In autumn, when the plant's growing cycle slows for the winter, it's a good idea to remove the faded blooms and also the older leaves. This will keep your tree poppy looking vibrant for a long time.

In the spring, after the new growth has started, you can prune off the older growth. This will help you control the size of your plant.

When it comes to caring for your tree poppy, you're in for one great ride with this one. Your plant is gorgeous and this is an easy cactus to care for.

Propagation

In the wild, this stunning species has been reduced to less than 20 populations in about 10 locations. The range of these populations is rather small, with most of them measured in acres, not square miles. The populations are often localized to single canyons or slopes and are dangerously close to extinction. Even though species in this genus are traditionally not as prone to disease as many other members of the Papaveraceae, Romneya Coulteri is not immune to the ravages of cattle. Of all the factors that threaten this species, cattle grazing is perhaps the most damaging.

This is because Romneya Coulteri's deeply forked, grayish-green foliage is so abundant that it provides an attractive target for cattle to trample and munch. Cattle are also fond of the leathery-green seed pods, which provide an easily-accessible source of nutrition for the cattle. By the time a seedling reaches five years of age, it may have already lost its ability to reproduce.

Pruning

You will find that the Romneya Coulteri grows best in a mixture of equal parts sand and peat moss with a liberal amount of fertilizer added to the potting soil. Along with this combination of ingredients, you must also water the plant regularly as well as fertilize the soil and the plant itself with a high-nitrogen fertilizer.

Be sure to plant the Romneya in an area that has plenty of sunlight. Like other succulents, the Romneya Coulteri is a very drought-tolerant plant, so you shouldn't have to water the plant very frequently. As long as it gets full sunlight.

If you notice that the leaves of the Romneya are becoming discolored, striped, or otherwise mottled, you may want to take the plant into your kitchen, and wipe both sides of the leaves with a damp, clean sponge. This will help to give the plant a fresh new start. Be sure not to allow the Romneya Coulteri to become overly wet.

If you are adding fertilizers to the soil, then you should test the soil with a nutrient-testing kit before adding any additional fertilizer to the plant. This will ensure that the Romneya Coulteri is receiving the proper nutrients that it needs.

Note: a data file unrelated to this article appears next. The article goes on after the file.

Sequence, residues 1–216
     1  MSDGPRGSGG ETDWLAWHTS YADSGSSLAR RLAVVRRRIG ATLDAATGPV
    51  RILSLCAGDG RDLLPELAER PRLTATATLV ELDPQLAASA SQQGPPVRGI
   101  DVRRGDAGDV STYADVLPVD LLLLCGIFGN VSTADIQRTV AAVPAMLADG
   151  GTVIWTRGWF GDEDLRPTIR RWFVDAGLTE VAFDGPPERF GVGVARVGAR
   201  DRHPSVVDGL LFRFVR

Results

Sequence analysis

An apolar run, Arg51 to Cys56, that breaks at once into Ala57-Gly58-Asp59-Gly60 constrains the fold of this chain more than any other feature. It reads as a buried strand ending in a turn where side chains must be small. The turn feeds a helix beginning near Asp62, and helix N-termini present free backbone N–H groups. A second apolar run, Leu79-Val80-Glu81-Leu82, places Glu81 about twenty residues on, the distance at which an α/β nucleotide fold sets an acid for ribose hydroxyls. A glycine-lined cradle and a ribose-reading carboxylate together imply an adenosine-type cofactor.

Troubleshooting

Mature poppies can look a bit different than when they are first planted. As they mature, they can look lankier, greener, paler, sickly, and even have crispy or brown tips.

These aberrations seldom indicate a plant is "dying" but the gardener might feel uncertain. To ensure your garden poppies are healthy, look for:

Healthy, firm, green foliage.

Resilient stems and stems that don't snap off.

A color that shows a "fruit" with light to medium green with white, contrasting veins and purplish pink petals.

The petals need to be crisp and not browned or rubbed off.

If you do think your poppy is looking sickly, you might notice browned, paper-like, or leaf-like growth on the poppy seeds. This is usually harmless, but remove all the seed pods with the browned growth inside to minimize the spread.

If you think your poppy is suffering from a chemical reaction from fertilizers or pesticides, wash the leaves and stems well with clear water and let the whole plant dry under the sun. If the color doesn't return or your plant appears generally unhealthy, take it to a water garden plant specialist to be sure!

Growing Problems

Unlike a rose or a lily, the giant, orange-red, trumpet-like flowers that grace the branches of the shrub 'Romneya coulan' are part of the poppy family. This Shrub, Romneya Coulteri, or more often known as the California Tree Poppy, is a native plant of coastal California and Baja Mexico.

A fast growing, awesome, flowering beauty, this plant will flower in late spring until it gets cold-weather damage or until temperatures fall below 30 and it enters a dormancy period. It comes back in the fall and blossoms up until the winter cold hits. Many gardeners simply let it over winter on their properties in pots so they can enjoy the spring flowering and then move it to a greenhouse for the winter.

Romneya is an outdoor plant (as long as you have lots of space for it!) It grows on other plants and is usually badly damaged if you try to move it indoors, though in rare instances, it has been known to flower indoors. It does very well outdoors in California but may require a greenhouse in other states. It grows vigorously and can be trained against a wall on a trellis or pruned so at least one side (preferably at least two sides) is neatly branched. In good conditions (full sun to partial shade, little or no frost and mild winters) the plant will grow up to 15 feet tall.

Pests

When you discover that your “empty” plant is experiencing insect activity, it’s an easy assumption to make that you have an infestation. Pests and diseases are different, so your remedy may be different as well.

To attack the issue in the most effective way, you’ll need to do a bit of detective work.

Diseases are caused by a variety of factors that affect the health of the plant. They often do not have a predictable cycle in which they are active. It is important to determine the cause of the disease to know how to treat the problem.

Here are some of the more common symptoms of disease:

Diseases

Frequently Asked Questions

Mitt Romneya Coulteri is a robust, California native tree poppy that is known for its striking orange-red flowers, large size and fast growth rate.

If left untended, the poppy can grow to an erect tree height of 25 feet, with a spread of 10 to 12 feet. But if pruned and kept trimmed, the tree can be kept as a shrub and maintain an optimum height of 6 feet. The most common use for this plant, however, is as a tree or a fast growing, large shrub.

How Big Do They Grow?

Like many other plants in the Amaryllis family, Mitt Romneya Coulteri has a large bulb or tuber. And this makes it one of the easiest plants to grow in the San Diego region.

The flowers and leaves emerge in spring, and the flowers will continue to bloom until it reaches maturity in late fall. The total flowering cycle generally lasts for 40 days. If the plant is allowed to remain in bloom for several years, the bloom cycle will become shorter.

The flowers are eye-catching, and they will grow from the center of a hollow, smooth trunk that is about 10 to 15 inches in diameter. The leaves are divided or lobed into about three parts, and they can grow to lengths of 10 to 12 inches.